Published on July 7th, 20150
Cleo Brown: The Conservative Case for “Housing First”
According to the U.S. Department of Housing and Urban Development (HUD), homelessness is defined as “people who are living in a place not meant for human habitation, in emergency shelter, in transitional housing, or are existing in an institution where they temporarily reside for up to ninety days; or people who have lost their primary night-time residence, which may include a motel or a hotel.”
Similarly, the online encyclopedia Wikipedia, defines homelessness as “the condition of people without a regular dwelling-people who are homeless are most often unable to acquire and maintain regular, safe, secure and adequate housing, or lack “fixed, regular and adequate night-time residence. The term ‘homeless’ may also include people whose primary night-time residence is in a homeless shelter, a warming center, a domestic violence shelter, a vehicle, cardboard boxes, a tent,” etc. The United Nations defines homelessness as “rooflessness.” This includes people “living in the streets without shelter”; and “persons with no place of usual residence…including dwellings, shelters, and institutions for the homeless or other living quarters.”
As of 2005, there were at least 100 million homeless people world-wide. There are currently, according to the National Law Center on Homelessness and Poverty, between 2.3 and 3.5 million people experiencing homelessness in the U.S.A. And, according to a 2008 study by HUD, in January of 2007, 671, 888 people experienced homelessness. The study concluded that about 58 percent lived in shelters and transitional housing while the other 42 percent were unsheltered. In 2010, another group, AHAR (Annual Homeless Assessment Report) found that 1,593,150 individuals were homelessness, of which 85 percent were single and 75-80 percent were male.
“NOW,” a PBS station found that the states with the highest rates of homelessness as of 2009 were: Alaska, California, Colorado, Hawaii, Idaho, Nevada, Oregon, Rhode Island, Washington State and Washington D.C. According to the Institute for the Study of Homelessness and Poverty, an estimated 254,000 men, women and children experienced homelessness in Los Angeles during some part of the year while, according to The Coalition For The Homeless, as of April 2015, there were approximately 59, 285 homeless individuals (including 14,132 families and 24,267 children) in New York City. Also, according to The Coalition For The Homeless, “the numbers of homeless New Yorkers sleeping each night in municipal shelters is now 72 percent higher than it was in 2005.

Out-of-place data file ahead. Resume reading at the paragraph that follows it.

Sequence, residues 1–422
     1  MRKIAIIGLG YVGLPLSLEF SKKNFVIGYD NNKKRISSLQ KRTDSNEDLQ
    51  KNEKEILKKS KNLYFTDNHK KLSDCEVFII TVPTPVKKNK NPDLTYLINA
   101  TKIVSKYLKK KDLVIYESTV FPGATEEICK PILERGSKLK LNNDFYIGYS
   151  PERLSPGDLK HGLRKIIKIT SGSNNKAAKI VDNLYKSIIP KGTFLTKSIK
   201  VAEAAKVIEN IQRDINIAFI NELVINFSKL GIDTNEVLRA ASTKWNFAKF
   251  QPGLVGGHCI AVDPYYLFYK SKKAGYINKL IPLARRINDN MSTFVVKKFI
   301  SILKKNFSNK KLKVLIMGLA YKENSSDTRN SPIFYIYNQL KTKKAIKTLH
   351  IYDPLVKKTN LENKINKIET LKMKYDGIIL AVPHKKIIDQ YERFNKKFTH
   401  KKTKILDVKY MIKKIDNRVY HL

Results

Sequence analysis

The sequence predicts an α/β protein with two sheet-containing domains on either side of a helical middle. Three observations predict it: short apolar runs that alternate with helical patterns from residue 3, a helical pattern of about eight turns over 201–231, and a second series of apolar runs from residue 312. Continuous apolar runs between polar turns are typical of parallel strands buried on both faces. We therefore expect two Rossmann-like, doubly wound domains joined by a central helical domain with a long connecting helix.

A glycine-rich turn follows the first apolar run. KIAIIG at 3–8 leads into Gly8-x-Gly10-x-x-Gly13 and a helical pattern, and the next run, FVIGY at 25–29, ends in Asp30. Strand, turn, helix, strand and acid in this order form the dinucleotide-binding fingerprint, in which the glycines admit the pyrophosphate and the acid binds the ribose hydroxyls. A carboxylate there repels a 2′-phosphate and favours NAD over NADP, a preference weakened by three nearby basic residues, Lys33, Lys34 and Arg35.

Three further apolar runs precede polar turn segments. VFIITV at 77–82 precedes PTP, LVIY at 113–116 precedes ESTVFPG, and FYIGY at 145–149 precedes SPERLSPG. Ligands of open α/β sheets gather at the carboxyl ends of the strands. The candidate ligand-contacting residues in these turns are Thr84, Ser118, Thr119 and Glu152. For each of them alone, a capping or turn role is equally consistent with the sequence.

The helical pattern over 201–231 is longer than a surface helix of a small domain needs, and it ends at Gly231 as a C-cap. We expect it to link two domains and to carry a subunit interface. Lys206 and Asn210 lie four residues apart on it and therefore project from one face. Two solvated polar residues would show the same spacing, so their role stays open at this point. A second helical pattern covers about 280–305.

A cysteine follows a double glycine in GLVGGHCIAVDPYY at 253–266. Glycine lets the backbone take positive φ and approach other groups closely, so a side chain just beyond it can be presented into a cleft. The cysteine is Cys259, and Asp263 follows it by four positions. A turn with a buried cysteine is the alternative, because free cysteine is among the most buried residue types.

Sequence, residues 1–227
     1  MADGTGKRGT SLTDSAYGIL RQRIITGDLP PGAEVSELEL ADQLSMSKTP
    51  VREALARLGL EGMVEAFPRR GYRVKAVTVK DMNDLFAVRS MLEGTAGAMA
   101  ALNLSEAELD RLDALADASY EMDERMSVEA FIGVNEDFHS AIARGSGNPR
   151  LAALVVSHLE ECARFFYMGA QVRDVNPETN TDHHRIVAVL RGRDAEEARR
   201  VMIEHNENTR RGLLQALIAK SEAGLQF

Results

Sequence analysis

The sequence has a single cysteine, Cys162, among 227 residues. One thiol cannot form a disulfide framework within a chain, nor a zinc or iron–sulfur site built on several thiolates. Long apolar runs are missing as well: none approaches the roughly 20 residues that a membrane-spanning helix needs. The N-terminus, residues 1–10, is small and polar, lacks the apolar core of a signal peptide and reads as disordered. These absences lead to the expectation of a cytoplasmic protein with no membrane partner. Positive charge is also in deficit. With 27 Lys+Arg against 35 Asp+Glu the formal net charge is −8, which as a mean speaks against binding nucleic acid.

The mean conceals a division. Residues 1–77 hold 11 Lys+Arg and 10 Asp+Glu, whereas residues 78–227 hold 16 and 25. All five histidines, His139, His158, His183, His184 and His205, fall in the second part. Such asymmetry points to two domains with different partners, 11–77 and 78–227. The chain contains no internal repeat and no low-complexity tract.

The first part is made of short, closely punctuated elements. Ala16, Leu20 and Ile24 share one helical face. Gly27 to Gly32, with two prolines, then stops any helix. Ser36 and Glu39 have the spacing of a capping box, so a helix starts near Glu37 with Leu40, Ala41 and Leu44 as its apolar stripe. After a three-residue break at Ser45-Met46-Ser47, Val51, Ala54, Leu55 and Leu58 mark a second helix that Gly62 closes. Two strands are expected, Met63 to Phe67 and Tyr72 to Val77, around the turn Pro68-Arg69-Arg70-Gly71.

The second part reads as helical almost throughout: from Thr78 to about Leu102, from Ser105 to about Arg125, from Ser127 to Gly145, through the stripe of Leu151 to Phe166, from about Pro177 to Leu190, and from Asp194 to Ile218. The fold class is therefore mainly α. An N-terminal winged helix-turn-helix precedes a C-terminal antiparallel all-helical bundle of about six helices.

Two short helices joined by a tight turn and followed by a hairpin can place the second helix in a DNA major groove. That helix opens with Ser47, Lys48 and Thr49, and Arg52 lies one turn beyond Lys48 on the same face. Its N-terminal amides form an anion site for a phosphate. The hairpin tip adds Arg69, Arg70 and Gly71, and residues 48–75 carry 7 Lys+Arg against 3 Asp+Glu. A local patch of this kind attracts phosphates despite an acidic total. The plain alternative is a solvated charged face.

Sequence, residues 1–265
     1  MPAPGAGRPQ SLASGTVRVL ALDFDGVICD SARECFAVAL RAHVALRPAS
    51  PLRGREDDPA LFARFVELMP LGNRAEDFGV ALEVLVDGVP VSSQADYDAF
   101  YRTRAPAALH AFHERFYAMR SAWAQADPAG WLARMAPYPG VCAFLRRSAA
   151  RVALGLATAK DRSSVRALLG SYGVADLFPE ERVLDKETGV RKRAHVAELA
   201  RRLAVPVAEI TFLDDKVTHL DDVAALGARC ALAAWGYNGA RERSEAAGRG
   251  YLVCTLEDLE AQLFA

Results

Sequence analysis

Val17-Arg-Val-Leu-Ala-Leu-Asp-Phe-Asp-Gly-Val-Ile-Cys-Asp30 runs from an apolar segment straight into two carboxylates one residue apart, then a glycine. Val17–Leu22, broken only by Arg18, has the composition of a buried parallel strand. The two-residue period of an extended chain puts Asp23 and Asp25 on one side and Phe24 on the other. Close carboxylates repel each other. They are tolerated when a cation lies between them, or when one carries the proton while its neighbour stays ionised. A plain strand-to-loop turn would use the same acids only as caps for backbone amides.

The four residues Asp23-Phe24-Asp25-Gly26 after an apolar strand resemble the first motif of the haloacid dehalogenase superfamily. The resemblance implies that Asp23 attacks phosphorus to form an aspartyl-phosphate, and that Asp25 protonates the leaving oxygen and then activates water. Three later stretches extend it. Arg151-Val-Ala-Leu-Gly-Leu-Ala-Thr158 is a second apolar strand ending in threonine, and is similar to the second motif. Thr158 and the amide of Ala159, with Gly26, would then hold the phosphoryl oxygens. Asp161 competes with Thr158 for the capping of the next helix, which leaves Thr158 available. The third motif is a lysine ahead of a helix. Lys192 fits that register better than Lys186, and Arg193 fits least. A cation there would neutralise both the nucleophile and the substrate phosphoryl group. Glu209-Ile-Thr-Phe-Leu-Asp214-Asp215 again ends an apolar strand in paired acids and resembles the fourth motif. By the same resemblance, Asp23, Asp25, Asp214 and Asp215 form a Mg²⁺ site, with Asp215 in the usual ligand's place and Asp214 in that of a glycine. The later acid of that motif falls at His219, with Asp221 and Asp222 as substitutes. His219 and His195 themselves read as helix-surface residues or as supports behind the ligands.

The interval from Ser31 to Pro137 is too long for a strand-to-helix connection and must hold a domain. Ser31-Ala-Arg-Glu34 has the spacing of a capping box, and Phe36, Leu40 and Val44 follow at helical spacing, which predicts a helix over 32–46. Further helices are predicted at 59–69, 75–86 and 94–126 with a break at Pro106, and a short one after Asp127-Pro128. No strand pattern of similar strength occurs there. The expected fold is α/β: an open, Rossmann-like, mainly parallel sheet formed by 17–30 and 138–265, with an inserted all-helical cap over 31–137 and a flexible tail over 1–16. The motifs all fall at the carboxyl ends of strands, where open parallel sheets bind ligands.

Keeping these statistics in mind, according to HUD and the United Nations, it costs taxpayers and the government between $35,000 and $150,000 per year to maintain one homeless person in the U.S.A. Similarly, it has been reported that in Salt Lake City, Utah, the cost for maintaining one homeless person for a single year ( although an isolated incident ) was one million dollars.
In states, however, such as Colorado, Florida, New York and Utah, where “Housing First” programs have been implemented to house and care for the homeless, these costs have been reduced significantly to, in some instances, as low as $7,000 per person per year.
Why is homelessness so expensive?
The costs of hospitalizations, including frequent use of the emergency room; use of the police to control the homeless including the incarceration of the homeless in jails and prisons; and the use of the shelter system including patronage of soup kitchens and food pantries by the homeless all adds up to, on an average, $40,000 per year per homeless person. With the cost of hospital rooms exceeding $2,000 per day and the salaries of physicians, nurses, hospital administrators, police, court officials, attorneys and social services staff growing annually, it is no wonder.
What is “Housing First”?
“Housing First” programs house the homeless first and then, using on-site supportive services, work to correct a host of problems causing the homelessness such as substance abuse, parole from jail and prison, mental illness, domestic violence, discharge from the military and loss of income, are cheaper to implement and use. Formerly, social scientist sought to cure these problems first. This delay was costly, and often, was responsible for an escalation of the problem(s) causing the homelessness.
With “Housing First” however, the immediate need is to house the homeless first, then help correct the contributing factors to homelessness. In Colorado, Florida and Utah the cost of maintaining one homeless person was reduced to $7,000 per year. In New York City, one nonprofit housing organisation was able to use a “Housing First” approach and reduced the cost of maintaining one formerly homeless person to a little over $16,000 per year. Although. $16,000 is more than double. $7,000 it is still much cheaper than $40,000 per year per homeless person.
In conclusion, while the shelter system and supporting social services ( medical services, clothing, transportation, food, recreation) are necessary for the millions of homeless people who depend upon their existence for their day to day survival, the sounder economic policy is to utilize an approach that offsets cost to the taxpayer while meeting the needs of the homeless.
About the Author: Cleo Brown is the movie reviewer for HipHopRepublican.com. She lives in Manhattan and has a Master’s Degree in Contemporary African-American History from The University of California at Davis and has done work on a Ph.D. in education at The University of San Francisco. She has published several poetry books and is featured in Who’s Who in Poetry.